Whitepaper: 07.09.2020

5 Things You Should Ask Your Contractor About Quality

There are few words in construction that are more used—or more misused—than the word “quality.”

Definition of Quality in Construction

The reason the word quality is so often misused in the construction industry is that the definition varies from project to project. That said, quality can generally be defined as completing a project on budget and on time with minimal issues to be discovered once the project is in use.

To understand what quality means to YOUR construction project, you and your contractor need to talk. Here are five questions you should ask your contractor:

What does your company mean by “quality”?

Ask three people this question, and you’ll get three different answers.

Management guru Peter Drucker describes quality as “not what the supplier puts in,” but “what the customer gets out." Six Sigma’s developers define it as the “number of defects per million opportunities.” It’s the thing that makes “costs go down and productivity go up,” said the late W. Edwards Deming.

Yes, quality is hard to put your finger on. But, through discussion, you can discern whether it’s something embedded in your contractor’s process and culture, or something tacked on as an afterthought. It pays to find out.

What’s the source of your company’s most significant quality issues, and what are you doing about it?

Every construction project has “quality” issues. In highway construction, for example, it’s typically the consistency and flatness of the finished roadway that counts. On an enclosed building, “quality” issues are often related to water leaks and system failures.

A contractor should be able to succinctly tell you the issues that have created the most quality headaches for them in the past. Contractors should also be able to spell out the proactive steps they are taking to eliminate, or at least minimize, those issues on your project.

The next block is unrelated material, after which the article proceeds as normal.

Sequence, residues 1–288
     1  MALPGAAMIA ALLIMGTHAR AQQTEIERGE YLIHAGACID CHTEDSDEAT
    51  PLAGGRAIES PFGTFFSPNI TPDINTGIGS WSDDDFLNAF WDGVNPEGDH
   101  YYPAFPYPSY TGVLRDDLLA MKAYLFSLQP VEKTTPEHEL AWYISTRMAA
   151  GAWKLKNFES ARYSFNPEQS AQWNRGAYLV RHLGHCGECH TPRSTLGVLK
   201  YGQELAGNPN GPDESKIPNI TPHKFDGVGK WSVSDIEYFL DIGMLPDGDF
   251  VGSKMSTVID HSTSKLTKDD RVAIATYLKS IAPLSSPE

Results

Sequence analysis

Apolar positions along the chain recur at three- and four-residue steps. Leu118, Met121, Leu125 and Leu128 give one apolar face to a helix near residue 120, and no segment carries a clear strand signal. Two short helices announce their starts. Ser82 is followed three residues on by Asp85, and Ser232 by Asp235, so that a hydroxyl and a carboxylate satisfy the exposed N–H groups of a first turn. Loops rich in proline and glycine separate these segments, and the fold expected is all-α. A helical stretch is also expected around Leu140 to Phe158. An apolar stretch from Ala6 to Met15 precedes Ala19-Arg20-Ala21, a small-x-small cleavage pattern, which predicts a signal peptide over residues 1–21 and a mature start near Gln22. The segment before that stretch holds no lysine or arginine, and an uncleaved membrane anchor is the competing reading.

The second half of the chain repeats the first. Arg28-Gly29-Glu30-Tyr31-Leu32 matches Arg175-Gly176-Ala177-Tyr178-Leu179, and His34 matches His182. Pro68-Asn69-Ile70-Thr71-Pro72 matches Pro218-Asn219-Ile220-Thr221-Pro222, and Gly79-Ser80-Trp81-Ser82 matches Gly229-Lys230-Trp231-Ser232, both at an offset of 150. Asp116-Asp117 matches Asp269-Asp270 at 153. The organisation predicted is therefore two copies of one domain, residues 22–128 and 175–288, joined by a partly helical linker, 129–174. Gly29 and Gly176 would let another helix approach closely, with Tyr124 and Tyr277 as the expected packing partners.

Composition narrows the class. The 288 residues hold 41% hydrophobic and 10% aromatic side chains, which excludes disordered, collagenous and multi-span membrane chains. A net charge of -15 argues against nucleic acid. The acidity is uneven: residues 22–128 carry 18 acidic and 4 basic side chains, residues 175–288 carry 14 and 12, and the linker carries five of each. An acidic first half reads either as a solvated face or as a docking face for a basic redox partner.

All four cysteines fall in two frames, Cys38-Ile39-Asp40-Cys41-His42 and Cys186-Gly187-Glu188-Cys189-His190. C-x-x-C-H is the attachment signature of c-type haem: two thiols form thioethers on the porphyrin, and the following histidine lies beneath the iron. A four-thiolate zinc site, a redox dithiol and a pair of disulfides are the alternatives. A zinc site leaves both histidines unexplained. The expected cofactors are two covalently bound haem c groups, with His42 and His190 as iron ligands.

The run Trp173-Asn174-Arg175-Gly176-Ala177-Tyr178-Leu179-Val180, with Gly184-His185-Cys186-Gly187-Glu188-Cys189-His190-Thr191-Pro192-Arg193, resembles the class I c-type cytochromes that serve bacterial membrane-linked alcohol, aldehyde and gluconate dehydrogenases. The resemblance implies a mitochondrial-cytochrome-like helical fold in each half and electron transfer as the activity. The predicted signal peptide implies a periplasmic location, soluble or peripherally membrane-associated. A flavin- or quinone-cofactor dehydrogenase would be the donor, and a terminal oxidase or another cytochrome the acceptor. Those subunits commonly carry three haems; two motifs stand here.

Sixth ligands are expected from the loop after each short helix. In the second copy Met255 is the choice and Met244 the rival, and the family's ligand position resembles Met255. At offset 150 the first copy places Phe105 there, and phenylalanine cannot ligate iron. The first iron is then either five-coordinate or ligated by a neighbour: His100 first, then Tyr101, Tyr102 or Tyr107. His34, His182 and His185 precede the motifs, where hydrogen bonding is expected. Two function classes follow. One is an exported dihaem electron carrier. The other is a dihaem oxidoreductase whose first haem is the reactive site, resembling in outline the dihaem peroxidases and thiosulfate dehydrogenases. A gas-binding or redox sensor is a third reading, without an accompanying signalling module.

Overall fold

For example, on a project where water leaks are potential issue, your contractor’s quality program might call for the creation of a functional mockup of the building enclosure that is tested for water- and air-tightness. For a hospital, the contractor might construct a single full-scale, functioning room where users can assess everything from electrical outlet placement, to trim and finishes. That way, all parties are involved in defining “quality” and will know what they can and should expect from the finished product.

How are your safety and quality programs linked?

Experience shows that project safety and quality go hand in hand. The safer the work site, in other words, the better the quality of the finished product.

There are several reasons for this. A contractor that focuses on safety tends also to focus on cleanliness, which translates into greater pride of workmanship and higher quality. Similarly, a contractor with a strong quality program significantly reduces the amount of rework needed on a project—the less rework, the fewer opportunities there are for accidents and injuries.

Effective safety programs also employ many of the same planning, training and verification tools that form the foundation of a quality process. Both safety and quality programs require the project team to define the expected result and make the plans necessary to accomplish it. Both also track results, so the contractor can identify when—and why—the process fails so they can improve it.

How will your company’s quality program work with ours?

There is no shortage of quality programs to choose from. There’s Six Sigma, Total Quality Management and lean techniques, to name just a few.

It is not necessary that you and your contractor employ the same approaches. After all, you are both in different businesses and serve different markets. As several Fortune 100 companies have learned: there are few quicker paths to failure than to simply adopt someone else’s quality mantra.

 What’s more important is that you and your contractor both understand the principles behind each other’s quality programs, and find the commonalities that link them. A contractor, for example, may not call its approach “lean,” but it may still integrate techniques that minimize waste in the construction process. You might be surprised how many ways you and your contractor’s quality programs intersect.

What value does your quality program offer me?

You know the old saying: quality doesn’t cost, it saves. But who reaps those savings—you or your contractor?

Ideally, the answer should be BOTH of you. A contractor that creates building mockups, for example, may benefit from a reduction in rework. You also benefit from the mock-up by receiving a building that requires fewer change orders, that functions better and that experiences fewer problems over its life.

How do you put a price on project successes like these? The truth is, contractors with long-standing quality programs often have a systematic approach for documenting the value of their quality programs. By tracking their work processes, for example, they identify and eliminate systemic issues, they document how much money this saves you, over time, as a result.

A good contractor, in fact, can teach you a lot about how you can improve the quality of your project at no additional cost. All you have to do is ask. 

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